Clearing out the inbox a bit. Sorry we’ve been scattered. With EA, The LBD DVD and a small administrative team it’s been a bit overwhelming.
An LBD DVD update, where there really isn’t an update. Everything is still out of our hands. We’re pressing forward as much as we can but at this point we’re just continually emailing and calling the companies and going “You have everything and it all works right?” - Sorry again about all this.
Anyway, to the questions.
Q: Do you make any money if we click through Emma’s posts advertising brands and items? or, if we click through and buy said items?
A: This actually depends on the item/store. With Modcloth we do get a small percentage of the sale. We weren’t getting a cut during LBD though. So Jane’s looks during Netherfield weren’t built in while Gigi’s and Clara’s looks in WTS were.
In general, don’t feel obligated to click and/or buy though. Sure the money helps us as do the clicks, but it’s your money. Spend it the way you want to spend it.
If you want to know more about something someone is wearing, you click. If you don’t, then you move on. The idea of all this was spawned when fans were asking about the clothes a lot of the actors were wearing, so we just put a passive link in the description making it easy to find. Then when we realized we could potentially send thousands of people over to an item we made sure to make arrangements with the merchants.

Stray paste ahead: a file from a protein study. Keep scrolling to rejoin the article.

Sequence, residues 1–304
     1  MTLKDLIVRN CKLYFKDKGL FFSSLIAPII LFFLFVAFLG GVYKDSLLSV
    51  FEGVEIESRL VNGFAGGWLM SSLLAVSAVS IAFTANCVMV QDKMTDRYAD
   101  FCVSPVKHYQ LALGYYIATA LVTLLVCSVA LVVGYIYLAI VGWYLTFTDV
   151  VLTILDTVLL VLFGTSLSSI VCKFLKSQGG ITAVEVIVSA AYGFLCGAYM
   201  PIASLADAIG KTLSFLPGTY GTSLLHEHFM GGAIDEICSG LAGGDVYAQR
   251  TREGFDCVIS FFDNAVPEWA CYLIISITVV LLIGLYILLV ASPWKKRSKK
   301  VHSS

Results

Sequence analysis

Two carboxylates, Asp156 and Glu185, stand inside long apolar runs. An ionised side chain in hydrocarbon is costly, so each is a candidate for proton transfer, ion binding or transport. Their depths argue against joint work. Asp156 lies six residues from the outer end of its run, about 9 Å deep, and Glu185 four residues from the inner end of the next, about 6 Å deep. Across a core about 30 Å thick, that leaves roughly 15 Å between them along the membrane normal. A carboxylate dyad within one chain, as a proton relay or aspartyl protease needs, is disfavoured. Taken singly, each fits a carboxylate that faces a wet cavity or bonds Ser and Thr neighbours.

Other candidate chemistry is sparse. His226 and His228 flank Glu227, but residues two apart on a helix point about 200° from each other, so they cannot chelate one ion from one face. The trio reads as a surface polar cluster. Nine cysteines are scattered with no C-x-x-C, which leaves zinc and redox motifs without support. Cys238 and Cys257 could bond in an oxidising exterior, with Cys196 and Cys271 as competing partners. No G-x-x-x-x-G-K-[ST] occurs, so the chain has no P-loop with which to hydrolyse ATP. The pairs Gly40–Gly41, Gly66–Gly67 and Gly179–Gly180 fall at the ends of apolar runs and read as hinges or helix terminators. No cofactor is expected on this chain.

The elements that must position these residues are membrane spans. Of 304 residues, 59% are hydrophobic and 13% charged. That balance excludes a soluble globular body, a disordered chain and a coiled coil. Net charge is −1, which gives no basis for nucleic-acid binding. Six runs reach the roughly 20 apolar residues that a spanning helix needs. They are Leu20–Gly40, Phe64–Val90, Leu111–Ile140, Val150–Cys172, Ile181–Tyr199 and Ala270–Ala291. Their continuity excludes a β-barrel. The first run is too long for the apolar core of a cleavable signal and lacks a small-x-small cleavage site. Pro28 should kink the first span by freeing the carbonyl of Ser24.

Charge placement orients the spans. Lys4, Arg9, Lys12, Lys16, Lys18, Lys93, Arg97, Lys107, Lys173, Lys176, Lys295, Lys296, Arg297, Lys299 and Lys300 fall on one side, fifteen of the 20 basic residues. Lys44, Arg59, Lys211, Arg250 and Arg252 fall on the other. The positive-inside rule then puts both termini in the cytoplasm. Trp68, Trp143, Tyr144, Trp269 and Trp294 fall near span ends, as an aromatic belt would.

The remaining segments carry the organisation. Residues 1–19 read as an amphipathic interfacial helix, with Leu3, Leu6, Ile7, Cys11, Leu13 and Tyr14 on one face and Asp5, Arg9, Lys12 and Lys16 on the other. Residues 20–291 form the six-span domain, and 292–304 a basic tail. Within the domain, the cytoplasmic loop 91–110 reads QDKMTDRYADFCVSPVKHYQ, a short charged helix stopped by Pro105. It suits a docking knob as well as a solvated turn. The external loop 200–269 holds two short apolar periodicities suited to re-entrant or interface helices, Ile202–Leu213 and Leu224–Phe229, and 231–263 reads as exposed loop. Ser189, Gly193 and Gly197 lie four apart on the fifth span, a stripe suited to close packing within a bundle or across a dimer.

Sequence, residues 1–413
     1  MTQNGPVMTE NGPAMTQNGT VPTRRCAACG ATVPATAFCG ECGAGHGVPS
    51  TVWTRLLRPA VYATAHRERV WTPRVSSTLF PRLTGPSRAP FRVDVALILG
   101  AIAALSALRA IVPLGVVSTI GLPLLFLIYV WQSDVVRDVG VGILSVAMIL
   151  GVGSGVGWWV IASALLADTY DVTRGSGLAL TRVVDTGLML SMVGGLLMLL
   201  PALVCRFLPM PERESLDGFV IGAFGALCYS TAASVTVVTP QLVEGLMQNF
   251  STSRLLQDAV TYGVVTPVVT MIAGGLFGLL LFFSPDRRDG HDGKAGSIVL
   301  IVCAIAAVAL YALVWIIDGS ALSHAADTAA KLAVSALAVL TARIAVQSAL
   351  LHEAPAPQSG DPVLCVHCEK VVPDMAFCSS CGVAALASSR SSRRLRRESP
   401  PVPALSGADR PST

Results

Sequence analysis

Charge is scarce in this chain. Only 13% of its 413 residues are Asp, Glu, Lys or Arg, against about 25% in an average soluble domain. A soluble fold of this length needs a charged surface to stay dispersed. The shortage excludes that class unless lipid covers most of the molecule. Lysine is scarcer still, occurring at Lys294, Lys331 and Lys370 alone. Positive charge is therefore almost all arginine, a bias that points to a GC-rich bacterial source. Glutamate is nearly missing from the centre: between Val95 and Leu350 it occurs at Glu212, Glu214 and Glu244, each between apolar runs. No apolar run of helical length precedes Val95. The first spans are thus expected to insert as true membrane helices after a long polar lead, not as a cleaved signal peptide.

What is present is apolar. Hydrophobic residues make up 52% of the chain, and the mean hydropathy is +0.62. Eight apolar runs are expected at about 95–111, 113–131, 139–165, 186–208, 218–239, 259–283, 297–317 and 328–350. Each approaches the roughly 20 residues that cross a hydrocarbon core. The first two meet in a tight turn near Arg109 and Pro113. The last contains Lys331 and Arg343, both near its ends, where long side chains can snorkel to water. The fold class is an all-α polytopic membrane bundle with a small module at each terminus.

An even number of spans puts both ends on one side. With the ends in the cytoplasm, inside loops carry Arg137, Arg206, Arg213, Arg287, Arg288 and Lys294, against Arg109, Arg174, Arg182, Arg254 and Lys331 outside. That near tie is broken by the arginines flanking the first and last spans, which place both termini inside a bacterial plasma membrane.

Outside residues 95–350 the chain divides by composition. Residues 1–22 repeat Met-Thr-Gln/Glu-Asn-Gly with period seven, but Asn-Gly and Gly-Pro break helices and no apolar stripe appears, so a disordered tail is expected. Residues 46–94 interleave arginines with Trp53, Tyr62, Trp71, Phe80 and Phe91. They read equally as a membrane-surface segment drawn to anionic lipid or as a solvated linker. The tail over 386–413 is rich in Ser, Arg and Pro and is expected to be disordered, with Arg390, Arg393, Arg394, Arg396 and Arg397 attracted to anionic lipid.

Of course now we’re playing with character expansion through this but this just a first step.
Q: If Emma Approved does as well as you hope, what book are you going to adapt next?
A: I don’t think that choice is going to be entirely up to me or even Hank. Pemberley Digital as a production company was built to take stories and adapt them into web series/interactives/vlogs whatever. So different people have been dabbling in other possible adaptations.
I did say at the Buffer Festival Q&A that you shouldn’t be surprised if a 3rd series launches while Emma Approved is still running in 2014.
Q: If Emma is archiving these videos for personal use, how do we have a q & a video? How does she know that she has people watching these and asking questions? It doesn’t seem contingent with the plot line, to be honest, and some clarification would be nice.